James E Pepper 1776 Straight Bourbon  Whiskey

James E Pepper 1776 Straight Bourbon Whiskey

James E Pepper 1776 Straight Bourbon Whiskey

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Step into the rich history of American whiskey with James E Pepper 1776 Straight Bourbon Whiskey—a premium expression that pays homage to the heritage of the legendary distillery. Crafted with meticulous attention to detail and using time-honored techniques, this bourbon embodies the spirit of the original James E Pepper distillery, established in 1776.

In the bottle, James E Pepper 1776 showcases a deep amber hue, offering a visual prelude to the complexity within. The nose is a symphony of rich caramel, vanilla, and a subtle hint of spice, creating an inviting and nostalgic olfactory experience.

On the palate, the bourbon unfolds with a well-balanced and full-bodied character. The taste is a harmonious blend of sweet notes, including caramel, toffee, and a touch of maple, complemented by the warmth of oak and a gentle undercurrent of spice. Each sip is a journey through the traditional flavors that define a classic straight bourbon.

The finish is enduring and satisfying, with the sweetness lingering on the palate alongside the lingering warmth of the oak. James E Pepper 1776 Straight Bourbon Whiskey invites enthusiasts to savor the enduring legacy of American whiskey and the craftsmanship that has been cherished for centuries.

Whether enjoyed neat, on the rocks, or as the foundation for classic cocktails, James E Pepper 1776 Straight Bourbon Whiskey is a testament to the brand's commitment to quality and tradition. Elevate your whiskey experience with this exceptional expression—a tribute to the time-honored artistry of American bourbon. Cheers to the enduring spirit of James E Pepper 1776!

Appearance:
In the glass, James E Pepper 1776 Straight Bourbon Whiskey presents a deep and inviting amber hue, reflecting the rich and aged nature of this classic bourbon.

Nose:
The aromatic journey begins with a symphony of inviting scents—rich caramel, sweet vanilla, and a subtle hint of spice. The nose is both nostalgic and alluring, setting the stage for a well-rounded tasting experience.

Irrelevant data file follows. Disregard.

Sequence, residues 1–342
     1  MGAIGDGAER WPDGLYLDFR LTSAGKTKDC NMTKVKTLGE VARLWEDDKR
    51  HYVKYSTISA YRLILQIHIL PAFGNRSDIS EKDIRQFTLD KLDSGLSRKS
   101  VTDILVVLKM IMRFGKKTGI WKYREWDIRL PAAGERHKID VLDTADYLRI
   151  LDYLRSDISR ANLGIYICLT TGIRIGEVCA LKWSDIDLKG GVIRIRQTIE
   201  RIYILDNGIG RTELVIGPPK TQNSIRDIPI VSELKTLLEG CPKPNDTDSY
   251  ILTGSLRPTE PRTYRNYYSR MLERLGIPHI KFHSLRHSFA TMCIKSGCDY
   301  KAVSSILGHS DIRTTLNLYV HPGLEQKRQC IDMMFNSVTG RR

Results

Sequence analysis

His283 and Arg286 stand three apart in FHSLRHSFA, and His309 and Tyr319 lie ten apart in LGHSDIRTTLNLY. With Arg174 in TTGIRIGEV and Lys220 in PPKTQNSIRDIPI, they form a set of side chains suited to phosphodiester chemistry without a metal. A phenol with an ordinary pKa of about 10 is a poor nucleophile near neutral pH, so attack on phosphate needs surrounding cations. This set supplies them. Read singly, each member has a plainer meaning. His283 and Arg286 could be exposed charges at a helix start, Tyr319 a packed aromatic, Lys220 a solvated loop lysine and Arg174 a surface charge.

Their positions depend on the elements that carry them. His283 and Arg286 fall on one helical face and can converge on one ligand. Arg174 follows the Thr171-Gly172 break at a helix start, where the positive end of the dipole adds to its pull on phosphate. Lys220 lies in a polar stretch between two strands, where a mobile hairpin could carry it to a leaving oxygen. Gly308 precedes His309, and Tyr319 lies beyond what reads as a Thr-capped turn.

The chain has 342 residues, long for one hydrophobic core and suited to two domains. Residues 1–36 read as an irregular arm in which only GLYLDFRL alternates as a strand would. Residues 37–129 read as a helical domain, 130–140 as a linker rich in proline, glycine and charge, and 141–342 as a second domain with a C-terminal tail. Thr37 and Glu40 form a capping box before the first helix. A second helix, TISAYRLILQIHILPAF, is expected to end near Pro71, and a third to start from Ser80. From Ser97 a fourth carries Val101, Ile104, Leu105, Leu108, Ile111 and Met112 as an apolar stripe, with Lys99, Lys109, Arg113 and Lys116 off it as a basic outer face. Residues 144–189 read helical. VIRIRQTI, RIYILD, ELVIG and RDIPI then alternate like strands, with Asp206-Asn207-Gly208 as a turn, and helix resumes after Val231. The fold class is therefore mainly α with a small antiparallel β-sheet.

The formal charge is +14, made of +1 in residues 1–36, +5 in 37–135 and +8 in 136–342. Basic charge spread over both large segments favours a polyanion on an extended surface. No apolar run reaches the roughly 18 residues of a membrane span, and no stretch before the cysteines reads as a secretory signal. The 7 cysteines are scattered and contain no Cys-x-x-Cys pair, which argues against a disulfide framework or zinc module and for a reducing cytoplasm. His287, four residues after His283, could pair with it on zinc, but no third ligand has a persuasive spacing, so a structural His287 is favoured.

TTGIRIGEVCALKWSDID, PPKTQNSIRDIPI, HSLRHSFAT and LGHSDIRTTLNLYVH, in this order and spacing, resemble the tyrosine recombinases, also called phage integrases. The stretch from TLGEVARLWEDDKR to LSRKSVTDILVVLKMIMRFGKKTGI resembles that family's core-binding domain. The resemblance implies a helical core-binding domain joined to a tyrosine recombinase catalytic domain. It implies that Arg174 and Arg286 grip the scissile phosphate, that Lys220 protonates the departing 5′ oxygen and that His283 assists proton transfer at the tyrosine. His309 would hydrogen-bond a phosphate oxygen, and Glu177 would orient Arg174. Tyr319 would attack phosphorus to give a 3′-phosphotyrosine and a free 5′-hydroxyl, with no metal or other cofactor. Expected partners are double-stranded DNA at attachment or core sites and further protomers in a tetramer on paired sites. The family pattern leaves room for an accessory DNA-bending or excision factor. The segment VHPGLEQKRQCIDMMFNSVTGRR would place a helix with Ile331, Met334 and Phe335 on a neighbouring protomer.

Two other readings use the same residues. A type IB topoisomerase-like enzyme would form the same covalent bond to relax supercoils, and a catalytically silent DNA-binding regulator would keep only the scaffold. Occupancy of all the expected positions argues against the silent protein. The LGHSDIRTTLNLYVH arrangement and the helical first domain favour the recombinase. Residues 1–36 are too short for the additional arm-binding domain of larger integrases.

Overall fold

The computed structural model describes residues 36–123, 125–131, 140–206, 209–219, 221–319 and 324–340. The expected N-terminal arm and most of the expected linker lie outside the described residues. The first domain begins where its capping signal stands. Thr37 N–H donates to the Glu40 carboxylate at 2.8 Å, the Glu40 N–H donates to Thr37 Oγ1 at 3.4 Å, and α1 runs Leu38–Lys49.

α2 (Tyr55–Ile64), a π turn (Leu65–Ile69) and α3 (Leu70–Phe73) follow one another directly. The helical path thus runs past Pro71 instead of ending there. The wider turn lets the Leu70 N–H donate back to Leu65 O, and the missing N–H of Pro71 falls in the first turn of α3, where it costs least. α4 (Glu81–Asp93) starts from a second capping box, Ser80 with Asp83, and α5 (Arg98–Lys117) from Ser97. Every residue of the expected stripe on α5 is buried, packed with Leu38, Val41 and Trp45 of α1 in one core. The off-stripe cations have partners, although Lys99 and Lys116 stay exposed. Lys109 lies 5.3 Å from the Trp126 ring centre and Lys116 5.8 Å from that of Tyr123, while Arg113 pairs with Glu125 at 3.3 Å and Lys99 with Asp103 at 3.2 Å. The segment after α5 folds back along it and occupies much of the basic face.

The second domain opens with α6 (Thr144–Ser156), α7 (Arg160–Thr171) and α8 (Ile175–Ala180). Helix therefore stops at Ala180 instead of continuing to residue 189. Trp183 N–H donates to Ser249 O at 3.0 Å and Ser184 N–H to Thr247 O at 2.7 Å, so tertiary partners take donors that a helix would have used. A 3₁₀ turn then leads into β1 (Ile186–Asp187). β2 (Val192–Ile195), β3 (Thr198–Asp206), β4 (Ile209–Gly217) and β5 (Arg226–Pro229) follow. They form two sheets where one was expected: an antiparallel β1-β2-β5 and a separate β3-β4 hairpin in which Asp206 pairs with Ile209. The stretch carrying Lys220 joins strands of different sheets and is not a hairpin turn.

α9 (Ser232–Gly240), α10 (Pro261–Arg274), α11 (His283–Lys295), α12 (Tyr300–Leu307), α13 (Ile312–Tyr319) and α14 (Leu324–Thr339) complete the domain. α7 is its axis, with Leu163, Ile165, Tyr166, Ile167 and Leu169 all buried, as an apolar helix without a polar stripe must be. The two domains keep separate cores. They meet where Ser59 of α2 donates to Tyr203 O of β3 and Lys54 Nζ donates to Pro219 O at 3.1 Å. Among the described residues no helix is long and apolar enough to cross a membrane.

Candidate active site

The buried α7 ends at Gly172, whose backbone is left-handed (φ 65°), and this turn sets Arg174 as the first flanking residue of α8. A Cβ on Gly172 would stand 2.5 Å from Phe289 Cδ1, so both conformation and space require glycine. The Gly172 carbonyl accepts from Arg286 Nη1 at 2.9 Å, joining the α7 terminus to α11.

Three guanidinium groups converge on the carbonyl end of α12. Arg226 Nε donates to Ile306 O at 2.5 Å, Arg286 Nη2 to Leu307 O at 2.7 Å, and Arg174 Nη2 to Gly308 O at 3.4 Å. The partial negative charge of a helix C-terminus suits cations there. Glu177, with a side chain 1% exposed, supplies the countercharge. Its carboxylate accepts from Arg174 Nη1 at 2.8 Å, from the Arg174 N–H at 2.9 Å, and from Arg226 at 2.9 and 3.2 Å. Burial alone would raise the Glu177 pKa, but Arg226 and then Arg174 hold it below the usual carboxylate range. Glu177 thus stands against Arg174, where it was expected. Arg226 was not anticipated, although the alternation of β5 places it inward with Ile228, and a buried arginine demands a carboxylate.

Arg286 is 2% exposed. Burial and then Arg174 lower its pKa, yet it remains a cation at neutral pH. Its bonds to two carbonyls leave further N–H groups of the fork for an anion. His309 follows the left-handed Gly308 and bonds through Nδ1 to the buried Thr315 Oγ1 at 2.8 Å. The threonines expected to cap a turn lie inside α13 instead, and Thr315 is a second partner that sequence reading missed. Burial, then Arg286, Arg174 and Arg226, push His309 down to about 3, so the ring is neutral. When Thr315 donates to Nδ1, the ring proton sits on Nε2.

Palate:
Upon the first sip, the bourbon unveils a well-balanced and full-bodied character. The palate is treated to a harmonious blend of sweet notes, including caramel, toffee, and a touch of maple. The warmth of oak permeates the experience, complemented by a gentle undercurrent of spice. This traditional flavor profile pays homage to the classic essence of straight bourbon.

Finish:
The finish is enduring and satisfying, with the sweetness lingering on the palate alongside the gentle warmth of oak. James E Pepper 1776 Straight Bourbon Whiskey concludes with a memorable and nuanced finish, inviting enthusiasts to savor the enduring legacy of American whiskey craftsmanship.

Distilled and bottled at the historic James E. Pepper Distillery (DSP-KY-5) in Lexington, Kentucky. Single Barrels, Small Batches, and Finishes: Age statements and bottling proofs on labels; bottled by hand at the Historic James E.
Most distillers put bourbon through distillation twice. In the first step, the bourbon goes through column stills. The second round distills it through attached, heated copper pot stills. These bourbon distillation rounds boost the alcohol content of the liquid and remove the mash and other impurities.Although historians remain divided on exactly when bourbon was invented and where the name even derives from, we do know that Evan Williams opened the first commercial whiskey distillery in Louisville in 1783 — even before Kentucky was an official state — and that the 1800s were a booming time for the offbeat brown .100 Proof - Un-Filtered - 60% Corn, 36% Rye and 4% Malted Barley in the Mash Bill; Aged 3-4 years; Distilled at the Lawrenceburg Distillery in Indiana or Bardstown Bourbon Co. in Kentucky (see back label for state of distillation). Cut to Proof and Hand Bottled at the Historic James E.
Cody Giles. A native of Adair County, Kentucky, Head Distiller Cody Giles is a graduate of the University of Kentucky Chemical Engineering program, and their Distillation, Wine, and Brewing Studies program.
1776 (MDCCLXXVI) was a leap year starting on Monday of the Gregorian calendar and a leap year starting on Friday of the Julian calendar, the 1776th year of the Common Era (CE) and Anno Domini (AD) designations, the 776th year of the 2nd millennium, the 76th year of the 18th century, and the 7th year of the 1770s decade ...

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